Shibley manages to touch upon everything, from the law’s fundamental unenforceability, to the Left’s continued infantilization of American women, to the fake “rape crisis” on America’s campuses and, most importantly, to the misanthropic witch hunts that take place on America’s college campuses. Across the land — and now with extra ammunition in California — academic tribunals intended for plagiarism and cheating scandals, are hauling students (invariably male) before kangaroo courts and, in proceedings completely free of even minimal due process protections, adjudicating alleged felonies and destroying men’s lives in the process.
Oh, and while I’m on the subject of faux rapes, nouveau feminist Lena Dunham (she of the bad prose and excessively naked body) backed of slight from her claim that a Young Republican raped her while she was at college. I’ve already pointed out that, while Dunham calls it rape, her own description of the evening shows that she was wasted and, lacking rational capacity, ended up having sex with someone she found unappealing. The next day, when she decided that she regretted that sex, she and her roommate decided it was rape.
Perhaps because I’m not the only one who noticed her despicable accusation, one founded in remorse over her own behavior rather than the young man’s actual conduct, Dunham sent out this defensive tweet that seems to exonerate her alleged attacker of evil intent:
Some men are enraged by stories of sexual assault that don’t have clear cut villains, pimps or men with guns…
— Lena Dunham (@lenadunham) October 18, 2014
Read more here about Dunham’s “rape” claims. It’s apparent that they have little to do with actual rape but, instead, are grounded equally in misanthropy, hostility to the GOP, and the same exhibitionism that sees her slough off her clothes at the slightest opportunity. Dunham should be shut down. Her position is an insult to all women, throughout history, who have suffered the horror of a genuine rape attack, rather than a burst of regret about their own promiscuous, drunken behavior.
The answer to my request for a poster showing the difference between ID for voting and buying guns
And a few pictures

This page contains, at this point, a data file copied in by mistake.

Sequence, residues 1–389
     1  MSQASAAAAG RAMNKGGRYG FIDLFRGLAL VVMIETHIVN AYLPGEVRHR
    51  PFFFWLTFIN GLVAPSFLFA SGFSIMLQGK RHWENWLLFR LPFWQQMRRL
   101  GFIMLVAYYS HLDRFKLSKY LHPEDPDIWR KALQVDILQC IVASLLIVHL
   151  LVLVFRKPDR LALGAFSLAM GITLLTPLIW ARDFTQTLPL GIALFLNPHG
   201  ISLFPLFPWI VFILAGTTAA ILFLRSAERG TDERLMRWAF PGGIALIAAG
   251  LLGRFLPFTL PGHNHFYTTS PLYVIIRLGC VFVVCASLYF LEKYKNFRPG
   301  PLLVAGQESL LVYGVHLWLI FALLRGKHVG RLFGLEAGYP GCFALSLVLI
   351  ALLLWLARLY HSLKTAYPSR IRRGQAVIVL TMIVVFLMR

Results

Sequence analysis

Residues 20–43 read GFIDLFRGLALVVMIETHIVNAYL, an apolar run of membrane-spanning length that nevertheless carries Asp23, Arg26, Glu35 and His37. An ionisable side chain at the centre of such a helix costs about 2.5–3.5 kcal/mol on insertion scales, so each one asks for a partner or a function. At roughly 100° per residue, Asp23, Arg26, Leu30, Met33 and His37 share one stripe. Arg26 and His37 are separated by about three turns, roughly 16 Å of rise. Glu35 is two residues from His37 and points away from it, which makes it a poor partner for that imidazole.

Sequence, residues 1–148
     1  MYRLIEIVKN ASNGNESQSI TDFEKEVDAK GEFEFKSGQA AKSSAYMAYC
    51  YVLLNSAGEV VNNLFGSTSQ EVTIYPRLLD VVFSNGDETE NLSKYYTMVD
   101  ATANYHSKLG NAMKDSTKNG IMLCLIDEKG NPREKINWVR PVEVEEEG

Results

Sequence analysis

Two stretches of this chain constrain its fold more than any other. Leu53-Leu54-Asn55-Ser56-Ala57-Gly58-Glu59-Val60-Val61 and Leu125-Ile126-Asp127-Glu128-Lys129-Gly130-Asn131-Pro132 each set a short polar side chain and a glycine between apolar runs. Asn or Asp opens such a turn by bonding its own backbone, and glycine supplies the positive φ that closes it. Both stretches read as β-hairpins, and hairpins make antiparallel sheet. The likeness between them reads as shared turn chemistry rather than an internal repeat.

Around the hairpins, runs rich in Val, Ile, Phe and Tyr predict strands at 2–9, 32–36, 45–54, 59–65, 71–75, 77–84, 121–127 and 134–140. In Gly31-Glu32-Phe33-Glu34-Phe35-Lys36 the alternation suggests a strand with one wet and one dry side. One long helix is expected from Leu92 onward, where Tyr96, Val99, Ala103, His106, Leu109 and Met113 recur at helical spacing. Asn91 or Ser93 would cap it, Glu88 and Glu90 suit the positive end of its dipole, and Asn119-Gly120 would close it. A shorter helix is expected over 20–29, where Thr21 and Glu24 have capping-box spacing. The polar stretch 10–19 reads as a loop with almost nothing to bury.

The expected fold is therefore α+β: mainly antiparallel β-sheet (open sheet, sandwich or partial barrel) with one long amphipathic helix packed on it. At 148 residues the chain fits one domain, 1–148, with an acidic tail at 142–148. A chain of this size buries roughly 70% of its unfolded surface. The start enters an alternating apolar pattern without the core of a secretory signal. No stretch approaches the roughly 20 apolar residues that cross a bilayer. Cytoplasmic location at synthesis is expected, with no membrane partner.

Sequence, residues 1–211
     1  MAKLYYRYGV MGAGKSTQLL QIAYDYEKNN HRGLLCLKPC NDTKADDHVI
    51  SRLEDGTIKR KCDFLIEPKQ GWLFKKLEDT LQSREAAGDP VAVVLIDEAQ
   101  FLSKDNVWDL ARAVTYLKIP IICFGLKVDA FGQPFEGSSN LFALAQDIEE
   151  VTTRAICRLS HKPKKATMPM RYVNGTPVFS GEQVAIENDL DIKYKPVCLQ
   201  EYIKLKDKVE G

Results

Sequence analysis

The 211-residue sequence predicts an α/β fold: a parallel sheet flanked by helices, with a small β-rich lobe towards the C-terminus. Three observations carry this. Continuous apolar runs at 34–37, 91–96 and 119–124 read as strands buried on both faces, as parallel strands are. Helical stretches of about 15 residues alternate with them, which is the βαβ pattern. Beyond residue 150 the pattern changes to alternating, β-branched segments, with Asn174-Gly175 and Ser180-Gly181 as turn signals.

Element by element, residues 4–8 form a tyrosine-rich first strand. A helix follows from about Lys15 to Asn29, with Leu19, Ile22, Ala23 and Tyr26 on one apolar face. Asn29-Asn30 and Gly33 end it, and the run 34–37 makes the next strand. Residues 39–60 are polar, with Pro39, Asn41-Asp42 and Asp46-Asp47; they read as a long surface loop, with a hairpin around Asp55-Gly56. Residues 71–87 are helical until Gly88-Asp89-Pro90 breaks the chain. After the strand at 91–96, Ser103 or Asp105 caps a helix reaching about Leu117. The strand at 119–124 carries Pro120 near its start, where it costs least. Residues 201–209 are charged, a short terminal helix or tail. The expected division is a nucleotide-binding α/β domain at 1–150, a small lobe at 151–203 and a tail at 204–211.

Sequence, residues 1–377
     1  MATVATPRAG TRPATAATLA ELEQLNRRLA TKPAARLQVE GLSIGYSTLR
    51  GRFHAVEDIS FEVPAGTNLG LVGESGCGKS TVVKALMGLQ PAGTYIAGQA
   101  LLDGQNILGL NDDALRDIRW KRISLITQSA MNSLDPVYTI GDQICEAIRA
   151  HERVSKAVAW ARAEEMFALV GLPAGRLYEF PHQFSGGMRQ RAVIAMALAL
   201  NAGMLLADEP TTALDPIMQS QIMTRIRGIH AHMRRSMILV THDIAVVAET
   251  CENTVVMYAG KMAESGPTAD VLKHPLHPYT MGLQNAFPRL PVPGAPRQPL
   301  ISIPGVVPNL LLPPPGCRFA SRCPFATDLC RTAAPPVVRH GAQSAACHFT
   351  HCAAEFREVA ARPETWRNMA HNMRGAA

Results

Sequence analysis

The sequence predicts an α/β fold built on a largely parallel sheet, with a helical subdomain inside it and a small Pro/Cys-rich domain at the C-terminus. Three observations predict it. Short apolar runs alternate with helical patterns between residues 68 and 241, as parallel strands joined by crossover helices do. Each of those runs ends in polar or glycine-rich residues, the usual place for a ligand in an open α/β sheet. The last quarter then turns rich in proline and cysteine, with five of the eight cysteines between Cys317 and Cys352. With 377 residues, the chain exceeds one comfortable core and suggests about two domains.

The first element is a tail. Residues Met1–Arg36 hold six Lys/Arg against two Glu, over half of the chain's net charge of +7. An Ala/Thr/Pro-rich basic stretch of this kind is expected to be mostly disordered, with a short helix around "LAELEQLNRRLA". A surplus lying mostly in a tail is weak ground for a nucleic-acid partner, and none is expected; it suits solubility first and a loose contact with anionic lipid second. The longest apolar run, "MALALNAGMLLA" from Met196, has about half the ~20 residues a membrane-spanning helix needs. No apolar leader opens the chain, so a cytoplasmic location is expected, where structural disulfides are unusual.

I found these pictures myself, so they’re not as good as the ones that Caped Crusader, Sadie, and other readers send me. Sorry.
Before I dive into my round-up, I wanted to discuss with you a poster that a very liberal friend of mine put up on Facebook. It’s the Leftist version of various posters you’ve seen here discussing Leftist logic (e.g., as Dixon Diaz says, “A liberal is someone who lives in a gated community but says that a border fence won’t work,” or “A liberal is someone who thinks that Fox news lies, but Obama doesn’t.”). The Leftist version of this logic comparison involves voter ID and gun purchases:
Superficially, the comparison makes sense. I mean, ID is ID after all. Why should it be required in one place and not in another? Only a second’s thought, though, makes it clear that this is a bit of prestidigitation, meant to make us look in the wrong direction.
What we should be looking at is the fundamental right we’re trying to protect. In the case of voting, the fundamental right is the right to cast a vote that is not canceled out by an invalid vote from someone who, as a matter of law, cannot vote, whether because that person is actually dead, or is an illegal alien, or is a felon, or just hasn’t bothered to register. Demanding identification protects the integrity and weight of my legal vote.
The opposite is true for the requirement that one must show identification at a gun show. The right to bear arms is the fundamental right at issue. Putting government regulations between an individual and a gun is a burden on the exercise of that right. This is not to say that the state may not place that burden, but the state had better have a damn good reason for doing so.
So — is anyone out there skilled enough to reduce my argument to a poster that will counter the poster above? For the life of me, I cannot figure out an easily digestible way to counter a fallacious, but superficially appealing, argument.